Or maybe that should be bottom. These are ten of the … what should I call them? Mistakes I commonly see in indie books. Pet peeves. Maybe just the kind of things that will turn me off when reading a book.
My husband found the DVD box set of one of my favourite TV shows the other day. All three seasons! I was a pretty happy lady. We’ve been watching an episode or two each night and I’m loving it just as much the second time around.
Do you want to know what it is?
Lie To Me.
It stars a British actor – Tim Roth. He plays the role of a human lie detector. His official title is Deception Specialist, but basically he can read people’s micro-expressions and tell what someone is really feeling, whether they’re holding something back or are afraid or guilty or ashamed or disgusted – he can see it all when most normal people wouldn’t even notice. The show is based on research conducted by Dr. Paul Ekman, a clinical psychologist, author and manager of the Paul Ekman group – a small company that produces training devices relevant to emotional skills, and is initiating new research relevant to national security and law enforcement. (link: http://www.paulekman.com/)… and then of course Hollywood added some sugar and spice.
In no way would I consider myself an expert on writing. However, I have been studying and practicing the craft for well over a decade and my fifth book is about to be released in November, so I do feel slightly entitled to share the knowledge I have gleaned so far.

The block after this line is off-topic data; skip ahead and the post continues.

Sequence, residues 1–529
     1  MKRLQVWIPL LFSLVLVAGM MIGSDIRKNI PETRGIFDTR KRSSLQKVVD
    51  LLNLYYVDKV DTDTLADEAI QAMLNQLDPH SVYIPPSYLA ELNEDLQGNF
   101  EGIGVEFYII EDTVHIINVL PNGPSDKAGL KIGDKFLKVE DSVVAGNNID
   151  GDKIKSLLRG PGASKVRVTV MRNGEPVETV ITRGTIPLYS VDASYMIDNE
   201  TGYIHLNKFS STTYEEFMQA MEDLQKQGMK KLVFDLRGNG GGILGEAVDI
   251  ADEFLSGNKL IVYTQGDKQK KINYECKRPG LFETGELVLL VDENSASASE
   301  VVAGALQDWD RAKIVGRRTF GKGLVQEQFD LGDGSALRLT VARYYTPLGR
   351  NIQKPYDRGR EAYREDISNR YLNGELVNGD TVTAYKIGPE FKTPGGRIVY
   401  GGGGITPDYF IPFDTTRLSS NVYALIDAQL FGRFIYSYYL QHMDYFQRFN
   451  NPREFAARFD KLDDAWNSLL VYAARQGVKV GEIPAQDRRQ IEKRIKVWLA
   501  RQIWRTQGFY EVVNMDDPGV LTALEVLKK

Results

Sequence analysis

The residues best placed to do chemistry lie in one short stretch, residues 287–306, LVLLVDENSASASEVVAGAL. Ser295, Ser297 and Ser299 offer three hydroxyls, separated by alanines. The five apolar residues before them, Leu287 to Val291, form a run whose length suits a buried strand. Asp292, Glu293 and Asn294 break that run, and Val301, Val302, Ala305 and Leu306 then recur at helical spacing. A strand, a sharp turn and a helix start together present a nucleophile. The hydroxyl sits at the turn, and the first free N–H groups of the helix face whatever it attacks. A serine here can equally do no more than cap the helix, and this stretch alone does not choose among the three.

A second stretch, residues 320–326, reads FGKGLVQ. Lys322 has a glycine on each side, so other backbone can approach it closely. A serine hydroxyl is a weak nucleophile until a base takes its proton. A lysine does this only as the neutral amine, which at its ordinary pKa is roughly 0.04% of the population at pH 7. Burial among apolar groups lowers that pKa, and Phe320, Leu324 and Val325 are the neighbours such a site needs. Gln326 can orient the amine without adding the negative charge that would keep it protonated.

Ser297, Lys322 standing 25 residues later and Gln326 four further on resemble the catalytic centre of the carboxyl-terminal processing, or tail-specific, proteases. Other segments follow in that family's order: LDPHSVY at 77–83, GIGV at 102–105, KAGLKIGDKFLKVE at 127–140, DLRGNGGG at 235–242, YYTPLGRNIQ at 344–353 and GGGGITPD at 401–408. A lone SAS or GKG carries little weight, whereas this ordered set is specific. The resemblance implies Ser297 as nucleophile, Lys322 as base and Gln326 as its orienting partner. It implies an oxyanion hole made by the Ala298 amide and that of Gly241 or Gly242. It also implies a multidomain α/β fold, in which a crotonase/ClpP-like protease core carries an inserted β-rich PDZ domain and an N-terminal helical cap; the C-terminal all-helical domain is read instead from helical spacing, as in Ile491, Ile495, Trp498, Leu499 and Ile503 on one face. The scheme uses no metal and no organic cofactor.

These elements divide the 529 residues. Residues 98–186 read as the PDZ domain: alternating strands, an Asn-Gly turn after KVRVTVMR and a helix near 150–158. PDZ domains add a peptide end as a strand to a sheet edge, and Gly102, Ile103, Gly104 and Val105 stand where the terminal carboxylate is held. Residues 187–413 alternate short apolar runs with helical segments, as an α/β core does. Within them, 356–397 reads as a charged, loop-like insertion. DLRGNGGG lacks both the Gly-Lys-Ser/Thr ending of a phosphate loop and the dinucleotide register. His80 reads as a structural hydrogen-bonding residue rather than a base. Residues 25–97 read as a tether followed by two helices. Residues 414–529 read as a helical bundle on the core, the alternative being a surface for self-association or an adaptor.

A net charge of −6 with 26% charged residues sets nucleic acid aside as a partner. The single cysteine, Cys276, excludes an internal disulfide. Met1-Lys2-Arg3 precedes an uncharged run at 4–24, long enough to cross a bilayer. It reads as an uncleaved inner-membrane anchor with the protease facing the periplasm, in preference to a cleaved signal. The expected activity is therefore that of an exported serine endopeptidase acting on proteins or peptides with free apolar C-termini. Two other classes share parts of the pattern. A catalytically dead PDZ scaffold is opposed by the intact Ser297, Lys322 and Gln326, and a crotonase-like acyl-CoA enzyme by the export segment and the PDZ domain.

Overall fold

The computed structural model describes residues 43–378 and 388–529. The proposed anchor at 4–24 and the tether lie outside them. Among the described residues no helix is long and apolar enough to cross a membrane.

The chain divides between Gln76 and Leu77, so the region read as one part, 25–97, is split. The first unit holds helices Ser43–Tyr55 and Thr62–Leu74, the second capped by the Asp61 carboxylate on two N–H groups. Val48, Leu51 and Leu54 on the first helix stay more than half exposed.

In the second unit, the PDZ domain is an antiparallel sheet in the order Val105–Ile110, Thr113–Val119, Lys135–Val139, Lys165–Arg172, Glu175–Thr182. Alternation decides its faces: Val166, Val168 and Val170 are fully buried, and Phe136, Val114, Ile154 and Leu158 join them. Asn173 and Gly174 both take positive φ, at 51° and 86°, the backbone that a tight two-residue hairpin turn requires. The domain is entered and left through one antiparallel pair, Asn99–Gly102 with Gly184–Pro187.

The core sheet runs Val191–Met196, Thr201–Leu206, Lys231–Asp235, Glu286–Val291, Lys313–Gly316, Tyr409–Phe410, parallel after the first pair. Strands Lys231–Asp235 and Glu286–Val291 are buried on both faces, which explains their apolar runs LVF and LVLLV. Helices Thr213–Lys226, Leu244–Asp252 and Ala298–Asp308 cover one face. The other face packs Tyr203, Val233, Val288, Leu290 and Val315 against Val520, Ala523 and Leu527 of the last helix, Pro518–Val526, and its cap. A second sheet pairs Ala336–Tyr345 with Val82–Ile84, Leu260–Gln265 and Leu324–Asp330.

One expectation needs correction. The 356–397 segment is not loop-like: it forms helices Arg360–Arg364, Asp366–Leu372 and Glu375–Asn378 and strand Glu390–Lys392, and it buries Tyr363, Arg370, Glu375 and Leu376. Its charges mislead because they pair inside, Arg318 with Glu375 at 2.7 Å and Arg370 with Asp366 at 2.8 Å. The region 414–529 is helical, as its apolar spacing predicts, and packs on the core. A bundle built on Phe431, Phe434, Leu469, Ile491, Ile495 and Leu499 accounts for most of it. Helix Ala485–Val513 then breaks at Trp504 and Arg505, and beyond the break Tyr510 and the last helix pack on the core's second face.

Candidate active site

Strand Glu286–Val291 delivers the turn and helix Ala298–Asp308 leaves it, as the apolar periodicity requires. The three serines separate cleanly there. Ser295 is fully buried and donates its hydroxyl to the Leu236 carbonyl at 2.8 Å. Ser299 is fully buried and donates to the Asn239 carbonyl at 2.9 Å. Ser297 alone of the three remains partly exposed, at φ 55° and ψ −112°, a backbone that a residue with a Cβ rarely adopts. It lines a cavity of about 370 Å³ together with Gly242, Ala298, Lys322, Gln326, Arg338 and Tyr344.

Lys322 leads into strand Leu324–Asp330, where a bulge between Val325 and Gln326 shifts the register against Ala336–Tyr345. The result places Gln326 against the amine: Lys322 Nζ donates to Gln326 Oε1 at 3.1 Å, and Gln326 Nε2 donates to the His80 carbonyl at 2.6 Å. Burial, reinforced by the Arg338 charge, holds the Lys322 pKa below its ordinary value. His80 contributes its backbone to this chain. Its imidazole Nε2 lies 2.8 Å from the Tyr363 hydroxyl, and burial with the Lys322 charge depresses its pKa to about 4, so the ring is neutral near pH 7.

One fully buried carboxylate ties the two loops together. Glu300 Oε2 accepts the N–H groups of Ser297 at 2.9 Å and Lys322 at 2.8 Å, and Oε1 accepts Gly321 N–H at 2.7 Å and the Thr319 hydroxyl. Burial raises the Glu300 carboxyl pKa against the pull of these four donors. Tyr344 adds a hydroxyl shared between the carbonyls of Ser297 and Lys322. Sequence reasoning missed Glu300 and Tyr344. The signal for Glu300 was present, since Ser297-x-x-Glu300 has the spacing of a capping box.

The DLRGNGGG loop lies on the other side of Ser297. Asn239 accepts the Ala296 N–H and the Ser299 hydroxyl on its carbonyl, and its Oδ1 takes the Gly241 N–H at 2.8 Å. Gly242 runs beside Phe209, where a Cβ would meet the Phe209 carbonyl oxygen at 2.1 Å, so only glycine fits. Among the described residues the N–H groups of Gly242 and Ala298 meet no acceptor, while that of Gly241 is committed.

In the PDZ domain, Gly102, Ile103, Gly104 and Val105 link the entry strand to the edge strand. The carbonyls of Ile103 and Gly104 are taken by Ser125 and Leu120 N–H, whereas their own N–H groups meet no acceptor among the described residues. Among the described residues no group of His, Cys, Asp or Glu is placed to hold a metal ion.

I was asked to write this post on what makes a good young adult novel. I have come up with a few suggestions of what I think are some of the necessary elements needed in a book written specifically for this audience.
First, and foremost, like with any good novel, you need a well-constructed story filled with diverse characters the reader can relate to.
The best three words to get a good discussion going among writers are: “Show, don’t tell”. When I first heard this instruction, I actually did explode: What do you mean, ‘show’, don’t ‘tell’? I want to TELL a story, for Pete’s sake!
I want to be a storyTELLER – it’s in the job description, you see? And now you tell me that I’ve got to ‘show’ and not ‘tell’ my story? How should I do that, exactly? Put a few arrows around the page, pointing to the words? Draw little pictures of stickmen? Get my printer to emboss cupcake shapes into the pages?
However, that was sometime ago now, and I ascribed my misunderstanding to the fact that I’m left-handed and, all my life, little sayings that everyone understands have left me baffled, unless and until they are explained differently. In this case, it happened with an example I want to share with you. Now, because you read Indies Unlimited, you are clearly a cultured person and doubtless go to the theatre (work with me here, I’ve heard that a little flattery goes a long way). Imagine you’re in a theatre now, watching two characters on the stage. They say this: Continue reading “Write Like a Playwright”